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When we went to teh park by Shirley Hughes in one of a collection of books in the authors Nursery Collection. The stories are all about a little girl and her baby brother, with the little girl being the key character in this story.
The little girls goes to the park with her Grandad and on the way and whilst they are there she tells us what she sees. As she is telling us what she sees she is counting up to 10, so for example she sees one black cat, two big girls, three ladies and so on. She also gives them some form of description, so for example, three ladies chatting on a bench. After she sees ten birds swooping in teh sky she tells us that she has seen 'so many leaves that I couldn't count them all.' This gives the ending a bit of humour and fun as all children like to play in the fallen autumn leaves. Finally it is time to go home and on the way back she sees the one black cat again and goes home for tea.
The story itself is very simple, yet lends itself cleverly to a number of learning opportunities. Counting to ten, sequencing numbers, one to one corresponddence, lots and one, therefore comparing quanitity, discussion about the park, opportunities to say what your child sees on the way to the park, recognising the written numbers to 10, feelings, relationships, the weather and clothing the list is endless.
I got this book from the library as we have been ging to the park a lot recently and it also seemed suited to the autumn weather we are having. It certainly is a lovely book and the illustrations clearly picture the autumnal, fun feeling of this story.
This book was published by Walker books and has £3.99 as its RRP. This particular book is quite some years old and so the price may have changed, though I am sure you could pick something up on any good online book shop.
I would recommend this book to both boys and girls. My son is 21 months and enjoys listening and counting and naming objects. As the child's age increases there are more opportunities for chatting about the story and therefore I woudl say that this book is suitable up to the age of about 5 years old.
Shirley Hughes is well known for producing great children's books and "When we went to the park" is no exception.
Ms Hughes combines a very simple story about a little girl walking to the park with her Grandpa with a great counting game. The girl leaves home and encounters various things in ever increasing numbers from one black cat through to ten birds in the sky and eventually onto so many leaves that they can't be counted.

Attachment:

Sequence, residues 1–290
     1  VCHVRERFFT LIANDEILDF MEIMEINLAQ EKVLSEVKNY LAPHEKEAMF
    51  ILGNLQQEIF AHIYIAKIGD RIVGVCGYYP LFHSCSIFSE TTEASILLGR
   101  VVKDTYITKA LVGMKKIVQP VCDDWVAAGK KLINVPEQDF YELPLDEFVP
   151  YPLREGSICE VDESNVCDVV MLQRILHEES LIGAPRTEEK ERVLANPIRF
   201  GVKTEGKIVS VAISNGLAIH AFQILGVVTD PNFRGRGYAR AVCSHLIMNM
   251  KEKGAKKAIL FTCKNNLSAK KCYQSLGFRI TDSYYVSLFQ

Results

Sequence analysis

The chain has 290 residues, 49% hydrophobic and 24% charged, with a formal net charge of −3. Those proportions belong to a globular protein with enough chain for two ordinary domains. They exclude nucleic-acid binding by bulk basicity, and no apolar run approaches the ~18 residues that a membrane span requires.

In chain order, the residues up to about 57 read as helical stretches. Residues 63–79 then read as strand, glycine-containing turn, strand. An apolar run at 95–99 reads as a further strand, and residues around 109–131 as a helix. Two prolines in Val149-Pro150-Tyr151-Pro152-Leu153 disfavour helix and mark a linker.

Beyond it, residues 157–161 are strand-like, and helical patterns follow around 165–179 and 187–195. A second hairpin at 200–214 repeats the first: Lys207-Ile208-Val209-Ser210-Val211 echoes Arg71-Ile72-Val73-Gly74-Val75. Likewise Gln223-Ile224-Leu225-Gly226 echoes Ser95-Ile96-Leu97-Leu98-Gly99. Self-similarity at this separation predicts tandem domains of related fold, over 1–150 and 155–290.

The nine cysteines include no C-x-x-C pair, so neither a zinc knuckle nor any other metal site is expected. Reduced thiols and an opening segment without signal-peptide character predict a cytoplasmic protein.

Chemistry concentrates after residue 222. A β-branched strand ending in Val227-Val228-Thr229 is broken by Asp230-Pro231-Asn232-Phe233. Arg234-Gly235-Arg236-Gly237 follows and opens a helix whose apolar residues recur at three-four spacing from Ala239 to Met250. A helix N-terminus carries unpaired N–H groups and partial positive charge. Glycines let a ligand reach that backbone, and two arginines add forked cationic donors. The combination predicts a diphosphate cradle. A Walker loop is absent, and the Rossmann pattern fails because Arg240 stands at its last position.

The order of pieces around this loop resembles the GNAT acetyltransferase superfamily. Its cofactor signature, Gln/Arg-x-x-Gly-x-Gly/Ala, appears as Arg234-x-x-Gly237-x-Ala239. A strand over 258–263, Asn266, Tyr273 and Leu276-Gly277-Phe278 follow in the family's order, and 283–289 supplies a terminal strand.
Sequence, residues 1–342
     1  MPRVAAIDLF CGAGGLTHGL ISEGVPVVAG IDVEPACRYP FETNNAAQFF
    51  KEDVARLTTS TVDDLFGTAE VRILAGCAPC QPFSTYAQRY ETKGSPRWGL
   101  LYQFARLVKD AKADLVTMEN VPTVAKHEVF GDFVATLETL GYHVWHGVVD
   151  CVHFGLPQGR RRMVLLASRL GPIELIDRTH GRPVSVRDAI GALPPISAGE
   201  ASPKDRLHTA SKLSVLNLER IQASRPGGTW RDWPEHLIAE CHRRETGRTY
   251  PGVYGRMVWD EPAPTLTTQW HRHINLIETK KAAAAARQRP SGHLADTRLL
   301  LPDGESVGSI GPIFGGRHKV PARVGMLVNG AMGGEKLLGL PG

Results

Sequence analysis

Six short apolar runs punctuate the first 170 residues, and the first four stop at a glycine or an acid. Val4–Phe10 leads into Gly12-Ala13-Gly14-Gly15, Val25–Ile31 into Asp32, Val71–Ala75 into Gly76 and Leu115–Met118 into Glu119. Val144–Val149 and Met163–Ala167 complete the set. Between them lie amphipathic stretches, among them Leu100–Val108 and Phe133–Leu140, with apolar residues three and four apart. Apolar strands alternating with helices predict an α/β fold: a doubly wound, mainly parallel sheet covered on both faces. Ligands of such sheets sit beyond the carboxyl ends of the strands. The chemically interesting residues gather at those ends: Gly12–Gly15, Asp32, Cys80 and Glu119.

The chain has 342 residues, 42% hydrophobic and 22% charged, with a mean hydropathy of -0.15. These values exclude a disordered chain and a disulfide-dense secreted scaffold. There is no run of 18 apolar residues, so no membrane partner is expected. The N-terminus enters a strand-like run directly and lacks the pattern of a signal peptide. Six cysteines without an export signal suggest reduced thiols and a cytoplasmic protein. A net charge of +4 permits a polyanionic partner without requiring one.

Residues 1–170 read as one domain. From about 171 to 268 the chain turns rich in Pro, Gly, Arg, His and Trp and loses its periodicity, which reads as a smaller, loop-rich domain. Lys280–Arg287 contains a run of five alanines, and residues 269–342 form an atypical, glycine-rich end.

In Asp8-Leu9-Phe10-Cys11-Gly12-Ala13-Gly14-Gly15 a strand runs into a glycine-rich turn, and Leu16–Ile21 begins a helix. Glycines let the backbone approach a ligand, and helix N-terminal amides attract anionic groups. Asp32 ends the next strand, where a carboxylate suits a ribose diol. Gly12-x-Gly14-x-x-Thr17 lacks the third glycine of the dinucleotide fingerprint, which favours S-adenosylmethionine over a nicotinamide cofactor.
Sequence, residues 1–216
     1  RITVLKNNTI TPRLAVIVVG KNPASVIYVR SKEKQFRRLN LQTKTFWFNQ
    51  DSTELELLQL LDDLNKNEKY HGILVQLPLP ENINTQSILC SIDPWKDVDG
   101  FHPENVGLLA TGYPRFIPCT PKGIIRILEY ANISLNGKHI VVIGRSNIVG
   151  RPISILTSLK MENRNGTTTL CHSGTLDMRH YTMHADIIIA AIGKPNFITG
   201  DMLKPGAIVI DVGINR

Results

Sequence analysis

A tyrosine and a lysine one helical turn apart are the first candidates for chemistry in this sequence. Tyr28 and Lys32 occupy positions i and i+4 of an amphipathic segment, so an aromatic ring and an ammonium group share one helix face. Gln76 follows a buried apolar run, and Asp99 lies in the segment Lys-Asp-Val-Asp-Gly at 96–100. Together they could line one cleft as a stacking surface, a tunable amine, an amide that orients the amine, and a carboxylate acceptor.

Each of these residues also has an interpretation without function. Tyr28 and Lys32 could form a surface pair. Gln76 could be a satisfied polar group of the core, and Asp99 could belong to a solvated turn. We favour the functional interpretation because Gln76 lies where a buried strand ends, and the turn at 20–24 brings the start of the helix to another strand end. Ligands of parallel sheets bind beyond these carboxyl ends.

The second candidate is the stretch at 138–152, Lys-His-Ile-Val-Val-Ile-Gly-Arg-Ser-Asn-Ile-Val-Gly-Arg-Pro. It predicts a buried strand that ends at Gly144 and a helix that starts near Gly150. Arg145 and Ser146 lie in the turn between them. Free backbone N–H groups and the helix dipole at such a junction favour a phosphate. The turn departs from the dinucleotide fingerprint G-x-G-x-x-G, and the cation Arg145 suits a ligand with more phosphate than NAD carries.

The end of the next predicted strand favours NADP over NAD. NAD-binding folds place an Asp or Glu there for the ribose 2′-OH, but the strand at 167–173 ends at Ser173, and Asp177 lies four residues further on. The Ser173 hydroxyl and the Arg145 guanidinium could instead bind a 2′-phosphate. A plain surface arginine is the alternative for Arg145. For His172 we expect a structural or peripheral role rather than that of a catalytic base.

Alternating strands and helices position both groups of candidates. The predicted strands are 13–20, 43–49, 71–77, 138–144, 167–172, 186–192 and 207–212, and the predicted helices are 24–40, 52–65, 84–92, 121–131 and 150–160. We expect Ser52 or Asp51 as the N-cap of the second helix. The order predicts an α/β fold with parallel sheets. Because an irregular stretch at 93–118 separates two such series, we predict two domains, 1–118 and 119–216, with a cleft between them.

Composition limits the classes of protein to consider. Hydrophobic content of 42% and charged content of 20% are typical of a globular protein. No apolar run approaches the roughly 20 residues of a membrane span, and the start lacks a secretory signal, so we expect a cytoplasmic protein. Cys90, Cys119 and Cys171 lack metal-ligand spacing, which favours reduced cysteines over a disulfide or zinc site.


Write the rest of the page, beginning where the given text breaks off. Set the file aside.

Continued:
The illustrations, in common with many of Shirley's books are an absolute delight and the fully compliment the pitter-patter tale as it unfolds. The illustrations are in a watercolour and ink style and are suitably detailed. They allow flexibility within the reading of this book so that the book can be read as a whole or you can take your time over the pictures and enhance the basic words with a game of "can you see the....". My son loves trying to spot some of the smaller items in the pictures and you can almost see him linking things together (such as the fact that one of the four babies is asleep and has dropped his teddy).
Hughes uses semi-urban settings for her illustrations that make them all the more believable and give the book a very homely feel. It's a relaxing read rather than a challenging one.
The book is a good introduction to numbers. As I read I tend to count out the items, visibly pointing to them in turn, so I might use the words "seven dogs chasing one another" and then I'll count each of the seven dogs in the picture, perhaps asking my son which dog is "best". At 18 months my son has the concept of one through to three but no more and so this repetitive method works well to convey the concept of numbers without being boring. The last pages of the book aid the numbers games as they contain miniature versions of all of the characters seen in the book and these can be counted and recalled. Even at this stage I can say "what's that" to around 50% of the illustrations and my son will at least correctly identify the items. It's a great recap.
The Amazon blurb for this book might suggest that it will also teach shape, size and colour. This is not the case although other books in the "Nursery Collection" do and so, in this regard, Amazon is a little misleading.
Whether you use this as teaching aid or just as a wonderfully illustrated delightful story I'm sure it will give pleasure.
I'd say it was suited to children from about 18 months through to those aged 3-4. I suspect (although don't have relevant experience) that it would also be suitable for early readers as the language is simple and the font clear.